Here are some of New York's biggest ties to the presidency
As the nation's one-time capital, New York's ties to the country's highest office stretch back to the beginning of the union, even serving as the city where President George Washington was sworn in.
Here are some of New York's major presidential spots:
President Ulysses S. Grant is entombed with his wife Julia in the largest mausoleum in North America. Intersection of Riverside Drive and West 122nd Street, Thursday through Monday, 9 a.m. - 5 p.m. (with the mausoleum open various hours), 212-666-1640, http://www.nps.gov/gegr
The Cooper Union
for the Advancement
of Science and Art
Abraham Lincoln gave a famous address at Cooper Union's Great Hall in 1860. Presidents Grant, Grover Cleveland, William Howard Taft, Theodore Roosevelt, Woodrow Wilson, Bill Clinton and Barack Obama have also spoken there. 30 Cooper Sq., at East 7th Street and Third Avenue
Chester A. Arthur Home
After the assassination of President James Garfield in 1881, then-Vice President Chester A. Arthur was sworn in as president in his childhood home. 123 Lexington Ave., at E. 28th St.
The Waldorf Astoria
No sitting president has stayed in any other New York City hotel since the Waldorf Astoria opened in 1931, according to the Daily News. President Herbert Hoover even moved into the hotel permanently after his wife's death in 1944. 301 Park Ave., between E. 49th and E. 50th sts.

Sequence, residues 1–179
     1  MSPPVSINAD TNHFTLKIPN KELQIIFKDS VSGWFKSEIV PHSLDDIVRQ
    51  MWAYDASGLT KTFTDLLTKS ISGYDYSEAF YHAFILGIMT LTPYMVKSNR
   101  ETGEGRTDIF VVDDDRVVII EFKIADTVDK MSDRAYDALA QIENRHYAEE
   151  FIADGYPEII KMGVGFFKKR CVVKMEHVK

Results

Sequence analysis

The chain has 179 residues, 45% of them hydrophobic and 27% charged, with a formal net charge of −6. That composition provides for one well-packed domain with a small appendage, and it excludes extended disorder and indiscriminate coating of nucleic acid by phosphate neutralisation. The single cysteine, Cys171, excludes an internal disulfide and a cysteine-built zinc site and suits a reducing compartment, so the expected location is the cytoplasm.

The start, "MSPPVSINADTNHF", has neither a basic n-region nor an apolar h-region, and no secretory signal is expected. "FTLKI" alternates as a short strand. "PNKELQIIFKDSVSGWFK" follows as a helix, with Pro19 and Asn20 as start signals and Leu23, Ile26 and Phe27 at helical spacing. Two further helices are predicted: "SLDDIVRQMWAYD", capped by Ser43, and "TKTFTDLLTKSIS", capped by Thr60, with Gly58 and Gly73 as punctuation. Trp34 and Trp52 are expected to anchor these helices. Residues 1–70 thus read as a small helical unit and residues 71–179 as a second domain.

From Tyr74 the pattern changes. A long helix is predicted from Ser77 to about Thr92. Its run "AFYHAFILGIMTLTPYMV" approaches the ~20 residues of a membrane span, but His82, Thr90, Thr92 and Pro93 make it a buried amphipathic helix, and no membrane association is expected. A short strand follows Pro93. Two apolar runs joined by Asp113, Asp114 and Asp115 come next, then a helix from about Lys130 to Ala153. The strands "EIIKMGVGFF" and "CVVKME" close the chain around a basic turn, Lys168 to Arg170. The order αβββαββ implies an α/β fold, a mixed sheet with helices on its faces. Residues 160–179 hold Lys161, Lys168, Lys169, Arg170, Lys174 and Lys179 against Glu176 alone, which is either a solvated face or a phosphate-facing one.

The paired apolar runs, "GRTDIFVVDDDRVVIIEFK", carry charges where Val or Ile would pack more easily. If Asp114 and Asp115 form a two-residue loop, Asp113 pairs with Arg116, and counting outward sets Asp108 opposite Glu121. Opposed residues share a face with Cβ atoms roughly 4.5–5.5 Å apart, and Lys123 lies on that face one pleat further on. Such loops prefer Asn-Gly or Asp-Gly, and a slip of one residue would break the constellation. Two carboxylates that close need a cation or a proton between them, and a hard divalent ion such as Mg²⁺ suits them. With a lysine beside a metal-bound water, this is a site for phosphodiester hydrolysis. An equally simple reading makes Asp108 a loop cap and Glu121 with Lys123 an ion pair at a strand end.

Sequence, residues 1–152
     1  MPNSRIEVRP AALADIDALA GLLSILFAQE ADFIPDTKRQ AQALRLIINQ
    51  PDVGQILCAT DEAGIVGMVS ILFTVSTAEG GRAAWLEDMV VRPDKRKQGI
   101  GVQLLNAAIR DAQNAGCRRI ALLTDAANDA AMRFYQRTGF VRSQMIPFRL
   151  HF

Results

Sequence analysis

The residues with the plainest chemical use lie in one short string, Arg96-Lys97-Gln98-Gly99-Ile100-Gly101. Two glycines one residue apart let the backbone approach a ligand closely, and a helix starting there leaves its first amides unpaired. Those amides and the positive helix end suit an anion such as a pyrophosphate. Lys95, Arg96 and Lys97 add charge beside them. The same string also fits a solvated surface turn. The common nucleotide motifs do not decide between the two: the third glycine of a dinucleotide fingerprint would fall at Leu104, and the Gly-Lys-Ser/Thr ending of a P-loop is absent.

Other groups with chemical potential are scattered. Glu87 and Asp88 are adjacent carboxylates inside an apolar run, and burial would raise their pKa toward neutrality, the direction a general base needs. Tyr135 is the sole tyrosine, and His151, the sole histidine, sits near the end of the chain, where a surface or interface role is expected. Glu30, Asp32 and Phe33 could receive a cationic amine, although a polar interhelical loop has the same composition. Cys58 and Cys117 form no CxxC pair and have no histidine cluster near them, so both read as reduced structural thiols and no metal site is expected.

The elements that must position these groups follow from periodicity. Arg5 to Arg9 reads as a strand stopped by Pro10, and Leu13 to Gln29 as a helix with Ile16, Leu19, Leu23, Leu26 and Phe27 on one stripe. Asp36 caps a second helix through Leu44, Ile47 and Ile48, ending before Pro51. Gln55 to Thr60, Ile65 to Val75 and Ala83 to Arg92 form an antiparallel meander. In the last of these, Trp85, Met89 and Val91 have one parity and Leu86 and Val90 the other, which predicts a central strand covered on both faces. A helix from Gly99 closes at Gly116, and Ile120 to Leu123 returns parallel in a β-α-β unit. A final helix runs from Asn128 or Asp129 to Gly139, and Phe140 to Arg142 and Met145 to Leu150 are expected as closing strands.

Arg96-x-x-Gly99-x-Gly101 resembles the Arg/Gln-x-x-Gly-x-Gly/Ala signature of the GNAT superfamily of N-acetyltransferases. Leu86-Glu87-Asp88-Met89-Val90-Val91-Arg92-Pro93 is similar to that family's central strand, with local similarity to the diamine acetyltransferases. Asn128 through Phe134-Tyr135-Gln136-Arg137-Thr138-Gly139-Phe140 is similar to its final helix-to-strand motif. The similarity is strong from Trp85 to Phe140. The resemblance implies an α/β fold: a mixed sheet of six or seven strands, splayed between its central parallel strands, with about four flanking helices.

New York was still the capital when the Constitution was ratified in 1788 and, until the original structure was torn down and rebuilt in the 1800s, Federal Hall housed some of the nation's most important events, including President Washington's inauguration and the First Congress composing the Bill of Rights. 26 Wall St., at Nassau Street, Monday through Friday, 9 a.m. - 5 p.m., 212-825-6990, www.nps.gov/feha.
Theodore Roosevelt's Birthplace
Though the original structure was demolished, the national historic site features re-creations of the home of the only New York City-born president. 28 E. 20th St., between Broadway and Park Avenue South, Tuesday through Saturday, 9 a.m. - 5 p.m. (with guided tours starting at 10 a.m.), 212-260-1616, www.nps.gov/thrb.
During the Revolutionary War, in the fall of 1776, then-Gen. Washington used this mansion as a military headquarters. 65 Jumel Terrace at W. 160th Street Wednesday through Sunday, 10 a.m. - 4 p.m., $5, 212-923-8008, www.morrisjumel.org.
Union Square Park
The funeral processions of both presidents Andrew Jackson and Lincoln passed through the area. The park also has statues of Lincoln and Washington. Between Broadway and Fourth Avenue from East 14th Street to East 17th Street